The global economy loses billions of dollars each year to cyberattacks. While the internet represents one of the most important technological advancements of modern times, it also has a darker side. Virtually every modern business maintains a digital presence and gathers information from many business processes. Data is arguably one of the most valuable digital assets any business can possess. And where there is something valuable, you can be sure elements that want unauthorized access to it will emerge. And it is up to business managers and leaders to ensure the risk of a breach remains as low as possible.
Essential Cybersecurity Practices for Employees
Cybercriminals are always trying to find loopholes in business cybersecurity measures to get at the data. Employees are by far the single biggest source of data breaches, and educating them about key practices is essential for a working cybersecurity policy. In 2020, given the COVID-19 pandemic, most employees have been forced to work remotely. The deep penetration of residential services likeSpectrum Internet plans has played a huge role in making this possible. But the risks increase many times over with employees using their home or public networks. Luckily, by adhering to the following cybersecurity practices, businesses can still minimize the risk of a data breach or attack:
- Always Use A Secure and Encrypted Network
- Avoid Suspicious Links, Emails, and Pop-ups
- Always Opt For Firewall Protection
- Keep Device Security Software Updated
- Involve IT Professionals In Creating InfoSec Policies
Let’s examine these essential cybersecurity practices for employees below.
Always Use A Secure and Encrypted Network
Whether you’re working from home or at the office, the security strength of your network is extremely important. Criminals can often hack into an open or unencrypted network, and use it to eavesdrop on all connected devices. Public Wi-Fi hotspots are particularly risky. You never know who may be connected, and it isn’t very difficult for an experienced cybercriminal to even take control of your device. This is exactly why you should only use a secure and encrypted network for all work activity. Networks secured by a strong WPS key are much harder to get past. You can also choose to keep your network hidden so that the network isn’t visible to any potential criminals trying to connect wirelessly.
As an added precaution, you should consider using a VPN. Virtual proxy networks mask your device identity and create an encrypted virtual tunnel for data to travel to and from your device. Digital encryption is extremely difficult to crack, so this is about as safe as you can get on most networks.
Avoid Suspicious Links, Emails, and Pop-ups
We’re so used to Hollywood movies that the contrasting reality of things can often be jarring. Who hasn’t seen a “hacker” type furiously on a keyboard for a few minutes and then exclaim “I’m in the mainframe!”? I always find these hacking scenes funny, mostly because one of the most common means to breach security is phishing. Phishing is just what it sounds like. Hackers send out plausible looking emails, links, or pop-ups in bulk, hoping someone takes the bait. Once an employee clicks on any of these, hackers can do several harmful things. From installing malware like ransomware or botnets on your work devices to eavesdropping on competitive information to even destroying databases, the possibilities are endless and scary. The simple fix is to avoid any suspicious links and emails in the first place. You should also refrain from visiting sites with outdated security measures.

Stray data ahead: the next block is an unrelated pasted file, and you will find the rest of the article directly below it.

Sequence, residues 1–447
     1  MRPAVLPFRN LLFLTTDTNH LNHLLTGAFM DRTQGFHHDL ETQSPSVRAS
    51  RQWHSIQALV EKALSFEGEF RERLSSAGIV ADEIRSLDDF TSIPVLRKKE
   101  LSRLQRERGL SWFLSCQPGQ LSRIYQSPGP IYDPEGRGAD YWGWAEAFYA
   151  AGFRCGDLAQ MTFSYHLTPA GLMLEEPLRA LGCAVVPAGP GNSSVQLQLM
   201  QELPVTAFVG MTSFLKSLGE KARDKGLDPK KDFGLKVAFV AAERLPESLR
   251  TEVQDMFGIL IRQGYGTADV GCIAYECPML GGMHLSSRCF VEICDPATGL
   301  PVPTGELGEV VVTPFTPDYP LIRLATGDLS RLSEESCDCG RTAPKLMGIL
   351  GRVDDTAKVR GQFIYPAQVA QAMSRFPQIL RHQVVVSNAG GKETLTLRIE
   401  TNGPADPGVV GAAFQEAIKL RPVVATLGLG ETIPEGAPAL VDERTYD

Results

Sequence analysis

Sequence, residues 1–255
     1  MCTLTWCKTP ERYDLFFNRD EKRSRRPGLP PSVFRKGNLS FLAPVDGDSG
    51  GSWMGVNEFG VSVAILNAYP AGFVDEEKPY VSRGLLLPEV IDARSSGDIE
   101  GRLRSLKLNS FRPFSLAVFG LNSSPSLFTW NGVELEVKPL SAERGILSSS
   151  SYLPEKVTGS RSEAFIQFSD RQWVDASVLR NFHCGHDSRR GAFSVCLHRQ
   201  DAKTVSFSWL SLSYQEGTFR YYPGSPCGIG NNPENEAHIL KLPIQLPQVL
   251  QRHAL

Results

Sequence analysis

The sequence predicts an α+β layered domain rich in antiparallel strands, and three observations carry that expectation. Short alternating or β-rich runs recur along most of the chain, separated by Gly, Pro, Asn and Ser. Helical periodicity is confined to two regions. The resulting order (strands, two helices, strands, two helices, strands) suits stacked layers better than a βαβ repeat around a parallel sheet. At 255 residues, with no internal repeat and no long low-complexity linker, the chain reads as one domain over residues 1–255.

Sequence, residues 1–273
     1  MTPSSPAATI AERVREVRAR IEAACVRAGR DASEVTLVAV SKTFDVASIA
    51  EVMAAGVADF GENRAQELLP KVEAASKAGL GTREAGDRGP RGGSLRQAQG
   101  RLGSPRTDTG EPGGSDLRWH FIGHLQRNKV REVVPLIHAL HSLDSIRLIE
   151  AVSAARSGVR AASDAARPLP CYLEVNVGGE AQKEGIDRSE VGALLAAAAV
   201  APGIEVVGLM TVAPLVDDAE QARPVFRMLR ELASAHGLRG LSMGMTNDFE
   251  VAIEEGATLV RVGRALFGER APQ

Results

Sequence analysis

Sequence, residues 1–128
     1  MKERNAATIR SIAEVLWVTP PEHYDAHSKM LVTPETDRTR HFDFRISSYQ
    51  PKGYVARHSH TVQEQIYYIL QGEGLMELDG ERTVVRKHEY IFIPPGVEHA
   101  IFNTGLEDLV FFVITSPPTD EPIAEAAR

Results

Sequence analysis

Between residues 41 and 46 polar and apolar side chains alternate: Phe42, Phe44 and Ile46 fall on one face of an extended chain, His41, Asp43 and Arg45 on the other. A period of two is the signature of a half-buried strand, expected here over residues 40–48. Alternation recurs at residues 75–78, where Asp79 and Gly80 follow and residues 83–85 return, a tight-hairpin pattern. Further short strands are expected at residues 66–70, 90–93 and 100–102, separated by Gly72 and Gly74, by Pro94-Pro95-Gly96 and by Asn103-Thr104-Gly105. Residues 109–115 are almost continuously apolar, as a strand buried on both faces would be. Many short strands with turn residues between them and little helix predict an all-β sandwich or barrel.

Always Opt For Firewall Protection
In the modern world, having firewall protection for your network is non-negotiable. The firewall acts as the first defense against hackers trying to gain access to your home or work network. Network firewalls act as filters that can block many forms of unauthorized access. Most firewalls can prevent suspicious users from accessing your business website or network. But they can also block spam from suspicious mailing services and even block employees from visiting websites that are inappropriate for work or could compromise your network.
Keep Device Security Software Updated
Digital threats are constantly evolving. Like the many-headed Hydra from Greek mythology, each time one threat is dealt with, a new one emerges. In such circumstances, not keeping your device security updated is a cardinal sin. Most devices use some form of security software like antivirus and antispam applications. However, these applications need to be constantly updated to be able to combat the newest cyber threats. A device with out-of-date security software is not just an open door, it is a red-carpet invitation to cybercriminals. Don’t put your device security (and that of your business/employer) at risk.
Involve IT Professionals In Creating InfoSec Policies
It’s always essential to encourage employees to be watchful and cautious in terms of digital security. But most businesses find they need a comprehensive policy governing how business data is secured. Also known as an information security policy or InfoSec policy, this is a detailed policy that covers major types of security risks and the protocols to be followed at all times to minimize the risk of a breach. These policies even focus on minute things like double-checking the sender address when you receive an email to call the Spectrum phone number. The policy should also describe processes that should be strictly followed to reduce the risk of unauthorized access to business data. While it is possible to come up with a rudimentary policy on your own with a little research, it is inadvisable. Instead, involve IT professionals and InfoSec experts to craft a policy that can reduce the risk of a data breach as much as possible.